Luisa A. Igloria
Zafra’s a town in Spain between
Badajoz and Seville, where
yearly at Carnival, they celebrate
the Festival of Fat.
Exactly what’s involved, I don’t know;
except that a number of pig products are sampled
with local wines in the plaza. Zafra
is also my late father’s middle name; I remember
visits in the summer
from his cousins – three
who liked to dress
to the nines in velvet or lace,
dark stockings, cologne-soaked
shawls (they were most
partial to lavender water) –
resulting in long sessions of reminiscence
about their proud name, their origins.
Quadroons, I’m almost sure, were part of that history:
but you’d never know it, the way they carried on.
Peel back the Spanish, the fair mestiza skin,
their startling eyes of silvery blue-grey –
orthographies of being, mixed on the slate;
colonials bred in the tropics.
Nunca, I can almost hear them say:
Our blood’s not dark but regal. I’d counter difference
makes the sausage sweeter, more complex
to the palate – chopped bits of odds and ends
linked in the casing with
meats of finer pedigree.
Kith and kin saffroned
in a spicy mix, hot
juices feeding flame to coals beneath the grill.
That must be why Ziryab the Moorish chef
introduced the custom of dining that begins with soup
and ends with dessert: to pace the plot,
high drama needing room to breathe around the table
of extended family. When the in-laws visited, did mother
grit her teeth as she peppered the steaks and butterflied
the shrimp? I’ve read of maids who spit on the soup or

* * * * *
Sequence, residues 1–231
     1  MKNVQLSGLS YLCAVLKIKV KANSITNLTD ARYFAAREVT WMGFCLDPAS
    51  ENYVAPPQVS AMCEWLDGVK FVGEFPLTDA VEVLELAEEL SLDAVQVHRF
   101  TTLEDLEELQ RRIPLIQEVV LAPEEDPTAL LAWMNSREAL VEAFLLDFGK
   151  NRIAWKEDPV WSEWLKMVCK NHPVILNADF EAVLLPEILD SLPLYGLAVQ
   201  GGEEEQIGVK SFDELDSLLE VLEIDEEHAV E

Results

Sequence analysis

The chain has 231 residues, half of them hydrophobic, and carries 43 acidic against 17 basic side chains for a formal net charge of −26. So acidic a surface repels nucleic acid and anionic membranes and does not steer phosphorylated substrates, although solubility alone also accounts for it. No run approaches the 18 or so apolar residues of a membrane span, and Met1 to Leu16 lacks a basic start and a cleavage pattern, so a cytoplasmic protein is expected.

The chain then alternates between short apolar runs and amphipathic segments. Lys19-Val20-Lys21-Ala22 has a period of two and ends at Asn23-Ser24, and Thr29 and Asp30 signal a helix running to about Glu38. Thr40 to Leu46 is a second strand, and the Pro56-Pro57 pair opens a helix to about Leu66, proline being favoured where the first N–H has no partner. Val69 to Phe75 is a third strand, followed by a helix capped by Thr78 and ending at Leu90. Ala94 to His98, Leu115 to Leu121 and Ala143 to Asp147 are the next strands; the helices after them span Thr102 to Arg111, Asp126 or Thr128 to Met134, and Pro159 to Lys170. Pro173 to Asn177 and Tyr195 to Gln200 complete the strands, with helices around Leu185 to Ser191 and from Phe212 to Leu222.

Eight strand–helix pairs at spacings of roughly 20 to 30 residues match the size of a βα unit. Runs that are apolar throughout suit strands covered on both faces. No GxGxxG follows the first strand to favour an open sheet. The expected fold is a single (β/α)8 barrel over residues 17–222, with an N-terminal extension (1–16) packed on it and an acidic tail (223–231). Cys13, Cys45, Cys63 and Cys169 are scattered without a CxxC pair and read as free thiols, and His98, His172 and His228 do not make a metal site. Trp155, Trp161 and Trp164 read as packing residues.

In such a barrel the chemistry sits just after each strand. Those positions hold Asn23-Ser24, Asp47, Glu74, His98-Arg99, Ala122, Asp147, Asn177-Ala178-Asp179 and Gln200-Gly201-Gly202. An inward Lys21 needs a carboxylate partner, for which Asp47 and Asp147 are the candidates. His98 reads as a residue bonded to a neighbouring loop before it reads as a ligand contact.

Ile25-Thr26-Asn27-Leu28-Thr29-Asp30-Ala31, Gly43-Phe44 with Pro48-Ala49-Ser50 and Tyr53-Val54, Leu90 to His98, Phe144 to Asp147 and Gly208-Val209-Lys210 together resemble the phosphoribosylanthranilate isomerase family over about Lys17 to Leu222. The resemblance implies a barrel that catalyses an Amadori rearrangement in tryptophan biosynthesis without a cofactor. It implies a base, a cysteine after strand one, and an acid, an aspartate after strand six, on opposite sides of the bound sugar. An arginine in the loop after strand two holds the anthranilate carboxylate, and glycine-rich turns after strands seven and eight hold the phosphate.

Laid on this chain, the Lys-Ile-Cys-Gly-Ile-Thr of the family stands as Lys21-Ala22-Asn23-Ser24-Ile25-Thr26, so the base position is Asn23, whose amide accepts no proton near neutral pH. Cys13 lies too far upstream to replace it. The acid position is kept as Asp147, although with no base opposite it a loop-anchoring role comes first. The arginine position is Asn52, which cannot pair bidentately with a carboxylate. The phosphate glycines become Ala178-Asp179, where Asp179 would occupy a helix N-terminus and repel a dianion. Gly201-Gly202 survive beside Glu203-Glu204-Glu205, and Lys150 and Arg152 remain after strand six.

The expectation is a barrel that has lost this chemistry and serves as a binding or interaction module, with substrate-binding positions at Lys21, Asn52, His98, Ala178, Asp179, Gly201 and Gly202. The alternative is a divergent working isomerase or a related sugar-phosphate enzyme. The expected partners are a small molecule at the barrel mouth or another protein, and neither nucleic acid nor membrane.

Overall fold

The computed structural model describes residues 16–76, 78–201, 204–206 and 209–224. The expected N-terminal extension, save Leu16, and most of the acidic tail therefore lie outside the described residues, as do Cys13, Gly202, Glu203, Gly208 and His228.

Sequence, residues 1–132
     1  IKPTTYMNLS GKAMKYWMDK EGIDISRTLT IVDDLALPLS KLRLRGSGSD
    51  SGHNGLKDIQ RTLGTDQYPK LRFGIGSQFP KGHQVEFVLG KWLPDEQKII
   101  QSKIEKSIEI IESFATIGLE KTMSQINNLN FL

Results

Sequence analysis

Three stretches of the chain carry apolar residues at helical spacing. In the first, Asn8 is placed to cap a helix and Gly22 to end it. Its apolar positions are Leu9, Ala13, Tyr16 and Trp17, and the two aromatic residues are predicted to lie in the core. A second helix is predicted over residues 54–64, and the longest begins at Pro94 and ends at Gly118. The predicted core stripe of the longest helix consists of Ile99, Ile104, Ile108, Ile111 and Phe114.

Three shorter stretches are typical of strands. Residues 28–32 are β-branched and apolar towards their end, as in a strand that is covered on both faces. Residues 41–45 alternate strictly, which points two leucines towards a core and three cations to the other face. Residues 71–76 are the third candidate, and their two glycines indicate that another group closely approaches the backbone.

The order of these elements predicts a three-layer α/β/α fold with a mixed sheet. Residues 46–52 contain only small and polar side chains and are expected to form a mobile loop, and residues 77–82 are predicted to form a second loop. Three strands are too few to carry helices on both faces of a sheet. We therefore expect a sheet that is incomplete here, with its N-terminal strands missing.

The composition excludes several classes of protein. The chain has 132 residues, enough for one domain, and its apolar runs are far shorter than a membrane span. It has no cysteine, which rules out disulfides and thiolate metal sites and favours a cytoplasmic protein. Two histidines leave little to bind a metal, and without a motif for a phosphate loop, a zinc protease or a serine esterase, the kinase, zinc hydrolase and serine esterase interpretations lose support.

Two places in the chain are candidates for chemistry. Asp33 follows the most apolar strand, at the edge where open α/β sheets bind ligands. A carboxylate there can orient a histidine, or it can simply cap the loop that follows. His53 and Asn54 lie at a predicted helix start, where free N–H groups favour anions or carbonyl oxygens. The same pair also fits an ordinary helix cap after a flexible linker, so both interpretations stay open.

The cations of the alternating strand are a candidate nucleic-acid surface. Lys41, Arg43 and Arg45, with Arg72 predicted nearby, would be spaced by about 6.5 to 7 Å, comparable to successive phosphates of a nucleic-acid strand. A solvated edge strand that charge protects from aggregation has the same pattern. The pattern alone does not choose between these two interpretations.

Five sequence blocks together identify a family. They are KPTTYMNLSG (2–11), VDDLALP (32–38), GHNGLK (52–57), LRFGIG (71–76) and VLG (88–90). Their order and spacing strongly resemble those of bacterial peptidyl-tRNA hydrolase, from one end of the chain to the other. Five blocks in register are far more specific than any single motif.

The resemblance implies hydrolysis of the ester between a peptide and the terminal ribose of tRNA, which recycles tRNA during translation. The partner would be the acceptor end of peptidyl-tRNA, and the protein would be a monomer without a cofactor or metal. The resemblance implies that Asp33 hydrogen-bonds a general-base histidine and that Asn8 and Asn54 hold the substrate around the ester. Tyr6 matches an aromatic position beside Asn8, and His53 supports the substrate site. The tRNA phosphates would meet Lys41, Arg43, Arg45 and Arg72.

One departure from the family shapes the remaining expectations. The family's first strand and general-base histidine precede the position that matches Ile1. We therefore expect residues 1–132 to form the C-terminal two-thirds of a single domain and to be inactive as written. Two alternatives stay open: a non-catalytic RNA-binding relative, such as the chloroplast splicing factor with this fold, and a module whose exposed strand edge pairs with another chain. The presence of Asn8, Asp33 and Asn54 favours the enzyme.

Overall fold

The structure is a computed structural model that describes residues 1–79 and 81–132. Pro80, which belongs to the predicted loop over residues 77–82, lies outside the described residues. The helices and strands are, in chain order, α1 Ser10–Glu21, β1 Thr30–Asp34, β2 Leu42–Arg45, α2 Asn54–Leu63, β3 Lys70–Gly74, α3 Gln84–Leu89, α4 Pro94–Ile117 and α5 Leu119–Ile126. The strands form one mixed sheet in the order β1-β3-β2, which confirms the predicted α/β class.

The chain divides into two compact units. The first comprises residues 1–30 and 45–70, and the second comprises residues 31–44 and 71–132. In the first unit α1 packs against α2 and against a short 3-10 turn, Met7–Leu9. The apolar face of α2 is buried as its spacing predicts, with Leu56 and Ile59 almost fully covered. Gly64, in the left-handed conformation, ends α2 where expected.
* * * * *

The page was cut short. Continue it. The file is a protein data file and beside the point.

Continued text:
filet mignon before they bring it upstairs
on a silver tray to their cruel masters –
every bite henceforth a spell, mingled with the salt
of their unredeemed labors.
Do you miss the pit of the olive as you suck
on its briny flesh? Is the crackling rind
carved from the back of the cochinillo, lechón
de leche? Milk pig stuffed with aromatic herbs,
beautiful in its roasted glory: lick its glossy
caramel surface before your mouth absorbs its
animal nature, changed by anthropology
and fire somehow into a newly civilized thing.
Luisa A. Igloria is the winner of the 2015 Resurgence Prize, the world’s first major award for ecopoetry, selected by former UK poet laureate Sir Andrew Motion, Alice Oswald, and Jo Shapcott. She is the author of Ode to the Heart Smaller than a Pencil Eraser (selected by Mark Doty for the 2014 May Swenson Prize), Night Willow (2014), and many other works. She teaches on the faculty of the MFA Creative Writing Program at Old Dominion University (Virginia, US).